As a result, developers have to design with the dangers in mind and weigh that against the type and sensitivity of data stored in the client. At the moment, many development shops are not training their staffs to do that, says David Eads, founder of Mobile Strategy Partners, a mobile development firm that specializes in financial and insurance applications. In fact, he recently ran into a bank that used example HTML5 code for training developers that put data in permanent storage on the client system as opposed to temporary storage.
The HTML5 Web Storage standard was developed to allow sites to store larger amounts of data (like 5-10 MB) than was previously allowed by cookies (like 4KB).
localStorageis awesome because it’s supported in all modern browsers (Chrome, Firefox 3.5+, Safari 4+, IE 8+, etc.).
Things I miss: most YouTube videos are Flash-based (although often if you find them embedded on a page, YouTube will provide an HTML5 version on the fly). HTML5 playback in addition is smoother than FLV videos ever were. There are fewer glitches, slowdowns, jitters and so forth.
Interesting read. I went without Flash for awhile a few years ago on when 64 bit was new on the linux box because I couldn’t get it to work and it became too much of a PITA and a waste of time to figure out. I hardly ever use YouTube however.
Companies like Facebook, Microsoft, Zynga all have spoken in tandem about the HTML5 specification announcement and have congratulated W3C for the milestone. The consortium took this opportunity to announce the first draft of HTML 5.1 and Canvas 2D, Level 2.
MediaEverywhere provides publishers with an SDK based on HTML5 that allows them to create custom mobile websites in a short period of time but also re-use the work for native apps for smartphones and tablets. The SDK allows publishers to control the look of their content while easily distributing it to multiple devices in a cost-effective way.
And he said mobile consumption is increasingly moving to the web browser. Pew reported earlier this month that 60 perecnt of tablet news users rely on their browser to get news on their tablet, compared to 23 percent that mostly use apps.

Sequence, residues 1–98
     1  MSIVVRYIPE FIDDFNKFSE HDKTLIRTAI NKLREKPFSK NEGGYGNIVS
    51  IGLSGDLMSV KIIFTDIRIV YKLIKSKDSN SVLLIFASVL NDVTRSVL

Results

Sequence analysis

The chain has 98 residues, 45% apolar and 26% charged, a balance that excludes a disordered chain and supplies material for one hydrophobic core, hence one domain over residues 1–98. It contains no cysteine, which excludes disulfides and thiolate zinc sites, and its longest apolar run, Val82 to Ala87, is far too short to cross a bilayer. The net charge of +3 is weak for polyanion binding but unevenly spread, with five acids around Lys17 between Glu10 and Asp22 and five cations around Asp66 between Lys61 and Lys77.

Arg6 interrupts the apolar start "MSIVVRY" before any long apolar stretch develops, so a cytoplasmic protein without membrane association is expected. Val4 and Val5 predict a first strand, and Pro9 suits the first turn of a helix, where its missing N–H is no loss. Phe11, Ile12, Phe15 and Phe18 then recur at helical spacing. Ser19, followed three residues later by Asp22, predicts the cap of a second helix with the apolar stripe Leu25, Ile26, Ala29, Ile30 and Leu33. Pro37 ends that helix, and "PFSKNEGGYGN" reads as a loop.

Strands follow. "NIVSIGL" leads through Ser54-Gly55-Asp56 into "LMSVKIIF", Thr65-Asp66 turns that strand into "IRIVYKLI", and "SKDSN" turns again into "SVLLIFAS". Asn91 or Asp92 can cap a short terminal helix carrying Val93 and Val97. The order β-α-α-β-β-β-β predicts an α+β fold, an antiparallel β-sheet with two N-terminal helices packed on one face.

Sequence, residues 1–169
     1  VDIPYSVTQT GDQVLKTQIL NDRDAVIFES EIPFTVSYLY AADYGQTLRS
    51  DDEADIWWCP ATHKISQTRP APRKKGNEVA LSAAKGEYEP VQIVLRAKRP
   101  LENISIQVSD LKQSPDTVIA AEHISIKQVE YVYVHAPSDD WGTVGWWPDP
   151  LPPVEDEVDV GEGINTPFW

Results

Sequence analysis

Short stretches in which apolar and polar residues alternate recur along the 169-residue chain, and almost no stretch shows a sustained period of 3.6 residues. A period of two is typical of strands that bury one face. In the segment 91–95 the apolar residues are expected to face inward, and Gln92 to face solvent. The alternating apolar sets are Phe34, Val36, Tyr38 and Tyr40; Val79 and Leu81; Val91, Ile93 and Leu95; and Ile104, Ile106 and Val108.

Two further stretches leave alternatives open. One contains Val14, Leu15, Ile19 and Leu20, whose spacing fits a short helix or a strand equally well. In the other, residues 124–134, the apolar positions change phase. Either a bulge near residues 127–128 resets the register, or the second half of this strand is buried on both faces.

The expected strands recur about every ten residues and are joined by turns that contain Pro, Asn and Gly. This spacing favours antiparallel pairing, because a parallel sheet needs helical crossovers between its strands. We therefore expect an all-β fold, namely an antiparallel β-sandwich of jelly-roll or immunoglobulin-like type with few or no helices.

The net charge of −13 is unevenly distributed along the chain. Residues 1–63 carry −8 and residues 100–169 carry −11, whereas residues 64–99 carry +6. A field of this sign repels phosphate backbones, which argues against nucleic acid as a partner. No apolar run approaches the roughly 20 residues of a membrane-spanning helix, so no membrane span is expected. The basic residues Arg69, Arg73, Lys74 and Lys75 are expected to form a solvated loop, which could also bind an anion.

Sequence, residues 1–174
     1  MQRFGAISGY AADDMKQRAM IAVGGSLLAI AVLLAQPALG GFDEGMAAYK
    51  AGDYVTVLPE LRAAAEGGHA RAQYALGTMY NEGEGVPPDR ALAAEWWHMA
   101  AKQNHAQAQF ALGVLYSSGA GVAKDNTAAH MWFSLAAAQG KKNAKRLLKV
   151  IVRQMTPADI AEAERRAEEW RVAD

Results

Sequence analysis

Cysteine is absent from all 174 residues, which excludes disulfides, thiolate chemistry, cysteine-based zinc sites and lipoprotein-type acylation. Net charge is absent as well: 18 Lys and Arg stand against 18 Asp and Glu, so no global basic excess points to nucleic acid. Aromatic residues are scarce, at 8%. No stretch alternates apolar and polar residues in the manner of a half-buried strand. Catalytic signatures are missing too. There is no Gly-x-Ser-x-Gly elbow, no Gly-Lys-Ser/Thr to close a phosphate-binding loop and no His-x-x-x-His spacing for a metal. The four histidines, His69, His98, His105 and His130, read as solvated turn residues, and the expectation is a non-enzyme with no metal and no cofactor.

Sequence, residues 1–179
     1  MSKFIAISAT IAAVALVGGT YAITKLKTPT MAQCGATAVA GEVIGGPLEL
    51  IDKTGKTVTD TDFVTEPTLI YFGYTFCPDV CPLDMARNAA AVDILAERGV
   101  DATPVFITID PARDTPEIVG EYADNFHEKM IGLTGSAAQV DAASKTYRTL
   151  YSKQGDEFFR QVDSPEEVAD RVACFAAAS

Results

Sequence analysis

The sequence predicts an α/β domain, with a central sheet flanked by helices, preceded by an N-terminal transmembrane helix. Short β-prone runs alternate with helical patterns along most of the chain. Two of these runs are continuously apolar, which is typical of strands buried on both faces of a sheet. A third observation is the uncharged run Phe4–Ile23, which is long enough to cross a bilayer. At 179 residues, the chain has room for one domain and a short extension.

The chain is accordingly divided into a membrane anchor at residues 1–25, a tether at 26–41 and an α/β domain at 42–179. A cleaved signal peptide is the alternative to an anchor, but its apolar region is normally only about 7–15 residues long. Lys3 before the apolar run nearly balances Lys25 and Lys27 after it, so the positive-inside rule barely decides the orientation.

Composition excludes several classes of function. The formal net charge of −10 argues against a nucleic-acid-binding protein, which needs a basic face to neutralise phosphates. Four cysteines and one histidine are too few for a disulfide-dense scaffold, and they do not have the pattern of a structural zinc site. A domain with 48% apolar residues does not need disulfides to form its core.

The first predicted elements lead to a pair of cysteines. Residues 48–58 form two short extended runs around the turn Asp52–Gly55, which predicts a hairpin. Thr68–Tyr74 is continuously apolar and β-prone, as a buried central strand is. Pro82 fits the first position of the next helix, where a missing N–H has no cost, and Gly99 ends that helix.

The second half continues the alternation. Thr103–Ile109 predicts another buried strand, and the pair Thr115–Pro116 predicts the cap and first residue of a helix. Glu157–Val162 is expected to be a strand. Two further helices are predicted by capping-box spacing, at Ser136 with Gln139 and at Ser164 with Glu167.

Despite cHTeMeLe’s technical theme, its developers claim you don’t need any web programming experience to play. The game takes web design standards and boils them down into game rules that even children can learn. To help less technical players keep everything straight, the tag cards use syntax highlighting that different parts of code have unique colors — just like an Integrated Developer Environment. No one is going to completely pick up HTML5 purely by playing cHTeMeLe, but it does have some educational value for understanding basic tags and how they fit together.
The World Wide Web Consortium (W3C), the group that manages development of the main specifications used by the Web, has proposed a new plan that would see the HTML 5 spec positioned as a Recommendation—which in W3C’s lingo represents a complete, finished standard—by the end of 2014. The group plans a follow-up, HTML 5.1, for the end of 2016.
The new HTML 5.1 will be smaller as a number of technologies (such as Web Workers and WebSockets) were once under the HTML 5 umbrella but have now been broken out into separate specifications. It will also have less stringent testing requirements.
WebRTC (Web Real-Time Communication) is an HTML5 standard being drafted by the World Wide Web Consortium (W3C), with a mailing list created in April 2011., and jointly in the IETF with a working group chartered in May 2011. It is also the name of framework that was open sourced on June 1, 2011, which implements early versions of the standard and allows web browsers to conduct real-time communication. The goal of WebRTC is to enable applications such as voice calling, video chat and P2P file sharing without plugins.
The two organizations currently responsible for the development of HTML have decided on a degree of separation and this means that in the future there will be two versions of HTML5 – the snapshot and the living standard.
The Mozilla Foundation has just renamed the project Boot to Gecko “Firefox OS”. But can we really talk about an operating system?
Absolutely. In terms of architecture, it is an operating system based on Linux, just as Android is. But we rely on Gecko, the Firefox web browser layout engine, to run applications written entirely in HTML5. We dropped XUL (the XML User Interface Language) in favour of HTML5, a language known to all web developers.
Even native applications, such as the dialer or address book, are written in HTML5, and users will be able to examine the source code to check it.